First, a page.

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Juliane Strohschein

The Canon Of Images: How Is Structural Racism Embedded In Photographs?

Nihad Nino Pušija | Chayene Teddy Gala 1996 | photograph | Germany | 1996 | pho_00257_41 Rights held by: Nihad Nino Pušija | Licensed by: Nihad Nino Pušija | Licensed under: CC-BY-NC-ND 4.0 International | Provided by: Nihad Nino Pušija – Private Archive

A few decades after its invention in 1850, the metaphor of “the paintbrush of nature” turned photography into an instrument and “a symbol of scientific objectivity which was supposedly able to prevail over every form of human caprice. Belief in this form of objectivity characterized every area of science” (Bredekamp 2004, 18). Photography was thought to enable the production of objective visual representations, as its mechanics resemble that of the human eye. Contemporary arguments considered representations of the “Other” (non-white, non-European people) to accurately portray their “level of development” (particularly as compared to the Western world), without taking the constructedness of representation into consideration. The camera as a technical and thus neutral eye virtually embodied the Enlightenment ideal of objectivity.

The period in which photography emerged was shaped by scientific positivism, based on a belief in empirical truth accessible through visual evidence. As machines were considered more reliable than humans, the photographic process was seen as a more accurate scientific tool with which to represent reality. To perceive a photo as an unmediated copy of the real world is based on the myth of photographic truth (Sturken and Cartwright 2001, 16). Saturated with these discourses, photography and the photographic gaze – as a scientific, objective methodology and mode of reasoning believed to enable access to truth and reality – played a part in establishing power relations.

  • Nihad Nino Pušija | Tuntenball 1997 | photograph | Germany | 1997 | pho_00257_31 Rights held by: Nihad Nino Pušija | Licensed by: Nihad Nino Pušija | Licensed under: CC-BY-NC-ND 4.0 International | Provided by: Nihad Nino Pušija – Private Archive
  • Nihad Nino Pušija | Queen Kenny 1996 | photograph | Germany | 1996 | pho_00257_27 Rights held by: Nihad Nino Pušija | Licensed by: Nihad Nino Pušija | Licensed under: CC-BY-NC-ND 4.0 International | Provided by: Nihad Nino Pušija – Private Archive
  • Nihad Nino Pušija | Komparsen | photograph | Germany | pho_00257_36 Rights held by: Nihad Nino Pušija | Licensed by: Nihad Nino Pušija | Licensed under: CC-BY-NC-ND 4.0 International | Provided by: Nihad Nino Pušija – Private Archive
  • Nihad Nino Pušija | Komparsen | photograph | Germany | pho_00257_37 Rights held by: Nihad Nino Pušija | Licensed by: Nihad Nino Pušija | Licensed under: CC-BY-NC-ND 4.0 International | Provided by: Nihad Nino Pušija – Private Archive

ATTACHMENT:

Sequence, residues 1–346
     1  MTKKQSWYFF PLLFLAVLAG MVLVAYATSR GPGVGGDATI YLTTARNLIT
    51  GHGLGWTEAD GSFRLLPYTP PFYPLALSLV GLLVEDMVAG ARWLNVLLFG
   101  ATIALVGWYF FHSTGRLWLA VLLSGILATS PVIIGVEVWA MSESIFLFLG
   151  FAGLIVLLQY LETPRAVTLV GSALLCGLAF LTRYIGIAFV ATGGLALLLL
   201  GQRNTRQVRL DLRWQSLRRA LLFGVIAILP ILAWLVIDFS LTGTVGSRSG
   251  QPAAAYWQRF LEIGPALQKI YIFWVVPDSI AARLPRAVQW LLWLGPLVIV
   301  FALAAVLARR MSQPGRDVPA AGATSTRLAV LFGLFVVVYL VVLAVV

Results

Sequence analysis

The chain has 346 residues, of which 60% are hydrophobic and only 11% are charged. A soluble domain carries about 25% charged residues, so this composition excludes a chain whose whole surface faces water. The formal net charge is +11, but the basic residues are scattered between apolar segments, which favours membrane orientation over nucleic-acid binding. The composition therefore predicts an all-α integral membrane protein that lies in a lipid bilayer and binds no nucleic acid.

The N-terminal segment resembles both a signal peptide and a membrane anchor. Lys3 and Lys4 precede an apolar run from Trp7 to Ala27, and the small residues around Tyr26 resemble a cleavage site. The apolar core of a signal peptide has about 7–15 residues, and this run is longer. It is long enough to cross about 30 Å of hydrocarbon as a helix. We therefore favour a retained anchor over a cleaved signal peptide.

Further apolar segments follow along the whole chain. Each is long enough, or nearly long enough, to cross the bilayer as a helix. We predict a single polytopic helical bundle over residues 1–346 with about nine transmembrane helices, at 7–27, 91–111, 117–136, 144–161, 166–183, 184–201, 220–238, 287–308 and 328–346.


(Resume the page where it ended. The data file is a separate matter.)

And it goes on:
• Nihad Nino Pušija | Komparsen | photograph | Germany | pho_00257_38 Rights held by: Nihad Nino Pušija | Licensed by: Nihad Nino Pušija | Licensed under: CC-BY-NC-ND 4.0 International | Provided by: Nihad Nino Pušija – Private Archive
  • Nihad Nino Pušija | Martin Knopf 2006 | photograph | Germany | 2006 | pho_00257_39 Rights held by: Nihad Nino Pušija | Licensed by: Nihad Nino Pušija | Licensed under: CC-BY-NC-ND 4.0 International | Provided by: Nihad Nino Pušija – Private Archive
  • Nihad Nino Pušija | Irm Hermann 1999 | photograph | Germany | 1999 | pho_00257_40 Rights held by: Nihad Nino Pušija | Licensed by: Nihad Nino Pušija | Licensed under: CC-BY-NC-ND 4.0 International | Provided by: Nihad Nino Pušija – Private Archive

What does a photo “say” at first on the denotative, representational level? What connotations does it have? Instead of seeking a final “truth”, the question is which meanings are preferred (Hall 1997, 228). On the one hand, an image has a denotative meaning, it portrays a specific event. On the other, it conveys a message, a connotation, that which Roland Barthes termed myth. Context analyses can reveal which meanings are connoted and preferred: titles, descriptions, the historical context, references to our collective memory (of images), etc. anchor and privilege specific meanings.

Photographs are not divine, objective copies. They are constructed by humans from the outset, saturated with intentions, desires and partisanship. We learn who controls the perspectives and the gaze, and who is the object of the gaze (Kaplan 1997, xvi). The question is who has “the right” to a gaze, in the sense of having one's perspective represented. Thus, Gayatri Spivak's question as to whether the subaltern can speak (Spivak 1985a) refers not merely to the ability to speak, but also to being heard within violent discourses which constitute the colonial subject as the “Other”. This process “leads to a hierarchy of knowledge production, which disqualifies and silences certain forms of knowledge and reproduces dominant forms of knowledge”. (Steyerl and Gutierrez Rodriguez 2003, 7) This “not being heard” is equivalent to “not being able to speak” and “not being seen” to “not being able to see.”

Era Trammer | Politics of Photography | Non Fiction | Austria, Germany | 2018 | pho_00054 Rights held by: André Raatzsch — Erika Trammer | Licensed by: André Raatzsch — Erika Trammer | Licensed under: CC-BY-NC-ND 4.0 International | Provided by: RomArchive The images cited in the film were kindly provided by: György Buzás Jánonsé Buzás József Buzás Sándor Buzás Palkó Lászlóné Mária Raatzsch Jürgen Raatzsch György Stalter Jánosné Turkacs Rozália Treiber Chad Evans Wyatt Burt Glinn – Agentur Focus / Magnum Photos Josef Koudelka – Agentur Focus / Magnum Photos Hungarian Film Office - Magyar Film Iroda Museum of Ethnography – Budapest Fortepan – Online Photo Archive Florian Schuh – Picture Alliance Rhein Neckar Zeitung